The challenge to schools of theology is to renounce, reject, and fight against all manifestations of supernatural theism and a supernatural interventionist God, and to preach and teach instead a vision of reality that sees God as the Sacred, as Spirit, as The Way Things Are, as the Ground of Being, and reality as essentially life-giving, nourishing and gracious — not hostile, punitive or indifferent. The major need within the church and schools of theology today, in the words of Marcus Borg, is “to help people move from pre-critical naivete, through critical thinking, to post-critical naivete.”
This means the school of theology must not try to be all things to all people. It must take sides. It must reject the traditionalist, supernatural God in all its trappings, and simply not graduate students into the Christian ministry who hold such a view. It must teach students how to help people, including themselves, to find meaning, that is, find God, in the unfolding of their own lives — through study, worship, and action in the world. This is how the growing catastrophes in the physical and political environments are going to be solved — not through “spiritual” retreats from the real world.
To chart such a course requires a great deal of courage. It will horrify many, if not most, of the parishioners in the main-line pews, and probably most of the clergy. It is bound to alienate both the institution’s board and the staff commissioned to keep the institution intact. But what do we benefit if we reject this alternative? A few more years of coasting as we settle into deep denial? Some elderly, dying churches? Growing pentecostalism and supernaturalism? A tiny wealthy minority in a sea of ecological and social disaster, thanking God for our good fortune while waiting to be overrun by the poor on all sides? Is this what God calls us to do in the richest, most powerful nation on earth today?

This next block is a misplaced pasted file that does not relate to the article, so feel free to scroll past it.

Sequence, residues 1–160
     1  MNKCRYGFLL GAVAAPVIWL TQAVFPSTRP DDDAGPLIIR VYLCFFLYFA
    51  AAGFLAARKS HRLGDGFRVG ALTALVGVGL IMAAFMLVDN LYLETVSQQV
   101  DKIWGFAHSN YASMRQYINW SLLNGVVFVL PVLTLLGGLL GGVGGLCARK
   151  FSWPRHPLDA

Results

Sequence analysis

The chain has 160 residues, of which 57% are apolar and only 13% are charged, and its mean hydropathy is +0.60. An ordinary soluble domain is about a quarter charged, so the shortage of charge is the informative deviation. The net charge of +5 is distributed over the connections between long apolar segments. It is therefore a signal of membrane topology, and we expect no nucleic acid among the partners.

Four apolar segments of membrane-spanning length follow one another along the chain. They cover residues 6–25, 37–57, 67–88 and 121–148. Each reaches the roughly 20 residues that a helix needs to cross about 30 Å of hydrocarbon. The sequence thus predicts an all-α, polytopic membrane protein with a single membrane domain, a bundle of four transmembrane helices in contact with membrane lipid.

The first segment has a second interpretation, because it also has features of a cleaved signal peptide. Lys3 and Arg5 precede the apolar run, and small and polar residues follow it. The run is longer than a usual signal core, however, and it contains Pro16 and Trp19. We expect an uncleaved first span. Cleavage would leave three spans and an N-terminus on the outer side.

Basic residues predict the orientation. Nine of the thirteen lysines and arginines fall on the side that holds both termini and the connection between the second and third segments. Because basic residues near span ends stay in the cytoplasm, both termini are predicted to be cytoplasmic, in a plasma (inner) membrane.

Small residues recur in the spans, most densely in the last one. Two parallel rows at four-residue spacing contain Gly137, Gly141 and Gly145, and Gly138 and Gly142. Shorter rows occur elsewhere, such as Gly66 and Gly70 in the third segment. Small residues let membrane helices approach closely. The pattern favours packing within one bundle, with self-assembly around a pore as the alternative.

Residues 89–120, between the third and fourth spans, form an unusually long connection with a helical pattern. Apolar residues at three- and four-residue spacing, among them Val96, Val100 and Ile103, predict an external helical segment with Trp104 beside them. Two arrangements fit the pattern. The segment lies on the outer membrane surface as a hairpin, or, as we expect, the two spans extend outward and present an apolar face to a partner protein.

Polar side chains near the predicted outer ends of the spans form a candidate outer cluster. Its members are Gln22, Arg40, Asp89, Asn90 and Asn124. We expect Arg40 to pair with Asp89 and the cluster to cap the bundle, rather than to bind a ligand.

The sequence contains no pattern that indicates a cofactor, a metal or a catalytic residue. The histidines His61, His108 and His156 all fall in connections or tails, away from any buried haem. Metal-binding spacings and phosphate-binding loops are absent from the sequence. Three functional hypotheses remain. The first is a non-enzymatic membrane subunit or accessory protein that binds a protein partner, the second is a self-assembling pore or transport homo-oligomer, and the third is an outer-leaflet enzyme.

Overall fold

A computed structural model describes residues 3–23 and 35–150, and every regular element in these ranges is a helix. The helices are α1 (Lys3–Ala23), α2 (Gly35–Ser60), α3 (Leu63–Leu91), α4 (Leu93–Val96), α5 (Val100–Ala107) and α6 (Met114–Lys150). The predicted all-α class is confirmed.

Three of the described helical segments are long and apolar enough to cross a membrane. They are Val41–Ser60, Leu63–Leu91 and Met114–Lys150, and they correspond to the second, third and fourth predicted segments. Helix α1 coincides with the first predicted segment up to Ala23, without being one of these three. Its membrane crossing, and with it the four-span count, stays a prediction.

The solution I propose is enormously threatening. It will generate resentment on the part of faculty, many of whom understand the problem and have struggled, with varying success, to deal with it, and others who will disagree profoundly with the theological assumptions. But as Christians we have always recognized that God calls us to do the impossible, and I hope this adds to the discussion of what is required of theological schools in these days.